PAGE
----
We are moving all our posts to the new design.

To know when we are ready, please follow us on Twitter, Instagram, or subscribe to our newsletter.

Slugs have no saviors

The quiet wet evening was rattled by a disgusted cry from the kitchen. I had put down the saucepan into the sink only ten minutes ago. I was about to wash the pan, and put on another two cups of tea when I noticed the blasted critter stuck to the bottom! A slimy little slug!

A graphic image akin to those of the toilet cleaning agent advertisements conjured the idea of a slug-paved plumbing! Repulsed, I flicked out the slug with a cane and swirled the pan twice with soap, scrubbed it clean and rinsed again with boiling water and some lethal common salt. Down the drain I sloshed the hot salt-water, melting all the other ones I imagined to be stuck inside the pipe.

Moments later, a pang of pity struck me. My departed slug had metamorphosed in my mind – it grew glowing wings and a halo each over its weird antenna eyes. In an unkind busy world, it is the slow ones that get kicked and elbowed – or in this case, killed by salty hell. They do make a frequent case of annoyance, inconvenience and sometimes disgust – but these are ideas from the drain-pipes of my conditioning. In any case there is no sympathy for slowness- whether a slug or human being.

I hurried to wash the tea cups. Pity had reddened to guilt. I had recently watched a TED talk on civility in the workplace, which spoke of good allyship leading to good business. ‘Listen to the person when he or she is talking to you, put away your phone when someone addresses you, gift a smile when you cross them in the hallway…’ Daily passive and active aggression and verbal abuse creates slugs out of the worker. It hits their productivity in the stomach and choke-slams their esteem into oblivion. Eventually the ‘slug’ quits. Whoa, I was not going to castigate these poor slugs and snails. Whether an Ambigolimax or an Achinata whicheverata, I was going to advocate. Every snail must be worth his salt, pardon the pun.

While the slugs and snails might be out in the wet mud, in ditches and on walls or in the plumbing, their human advocate is spending her wee hours looking for their purpose in life. Now, there is the Ambigolimax, the ones without the shell, and then the Achatina fulica, the ones who have them and quite a few others like them. The one who suffered my cruelty (wince!) was a Tropical Leatherleaf. After quite some scrolling I found science and media were generally unkind to these legless blobs of flesh and shell as an invasive species. The truth ought to lie somewhere between the sensationalism and the myths, so my search continued.

Their superpowers included an unbeatable sexuality (they are hermaphrodites who can lay up to 1500 eggs at a time and get away with it) and a hearty appetite for anything from plastered walls (to build calcium homes of their own) to food crops painstakingly grown by Homo sapiens. In Kerala, their proliferation is indebted to a certain Homo sapien, a scientist by the name P.N. Radhakrishnan, who introduced the Achatina fulica, or more simply known as the Giant African snail. In 1955, he brought them to Palakkad in Kerala from Singapore as his lab subjects, till things got out of hand. A couple of them were slung into the municipality by some other Homo sapiens. Today they’ve settled into 12 of the 14 districts in Kerala.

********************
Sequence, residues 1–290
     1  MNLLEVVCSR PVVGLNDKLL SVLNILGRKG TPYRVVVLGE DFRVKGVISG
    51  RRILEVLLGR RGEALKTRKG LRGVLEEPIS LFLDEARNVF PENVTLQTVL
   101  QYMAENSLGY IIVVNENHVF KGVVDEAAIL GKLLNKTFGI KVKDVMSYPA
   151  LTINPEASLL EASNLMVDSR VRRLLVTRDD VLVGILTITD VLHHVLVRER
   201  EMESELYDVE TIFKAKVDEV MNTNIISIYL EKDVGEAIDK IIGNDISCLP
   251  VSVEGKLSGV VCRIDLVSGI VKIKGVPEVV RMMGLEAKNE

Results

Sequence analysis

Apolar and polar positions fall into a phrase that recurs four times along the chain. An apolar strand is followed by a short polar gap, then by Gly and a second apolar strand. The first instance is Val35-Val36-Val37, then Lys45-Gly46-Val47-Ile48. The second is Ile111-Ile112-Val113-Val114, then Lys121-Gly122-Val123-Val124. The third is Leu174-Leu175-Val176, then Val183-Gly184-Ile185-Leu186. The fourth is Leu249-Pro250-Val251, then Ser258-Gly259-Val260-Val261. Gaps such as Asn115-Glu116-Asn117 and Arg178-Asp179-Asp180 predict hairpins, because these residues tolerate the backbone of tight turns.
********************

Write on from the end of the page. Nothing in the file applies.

But science was not the first to marginalize the snails for who they are. In fact, they were literally and profusely pushed to the margins of the illustrated medieval manuscripts of Europe, leaving even modern experts perplexed. They were pictured in combat with a knight in shining armor, astride a winged dragon or a white steed – supposedly some form of medieval humour where we are supposed to laugh at the knight for trying to fight something as silly and frail as a snail. In other versions, the snail appears more sinister and menacing, pushing its pronged eyes toward the knight. ‘Like a snail that melteth away into slime, they shall be taken away, like a dead-born child, they shall not see the sun’ is the warning of Psalm 58. Maybe the snail was a Biblical allegory for inevitable death and man’s futile attempt to fight it. But the shelled monsters were everywhere, not just the corners of the Bible. This leads to the third assumption that they depicted the Lombards, who were at the time despised as an unruly, monopolizing, sinful lot. In any case, snails made good for satire.

The burgeoning number of this slimy lot in our backyards is not because some witty chap threw them into every corner of our life. It is also one of those environmental imbalances that we propagate. Apparently, due to the excessive light pollution in recent years, there has been a decline of population in the firefly kingdom. Snail larvae are the usual night time snack for fireflies, and with them gone, all 1500 snail eggs are free to hatch and flourish into squirmy slimy progeny – all potential carriers of a deadly nematode capable of causing meningitis in human beings. Talk about karma. For me, this outweighs internet trivia of how Thai women find it beneficial to use snail mucus for cosmetic treatments.

My metamorphosed slug puppied its eyes, sensing an unsavoury verdict. No, that’s it! Out went the haloes and the firefly wings. If these critters could fly, my new found sympathy would be taken with a pinch of salt.

This article is from issue

14.2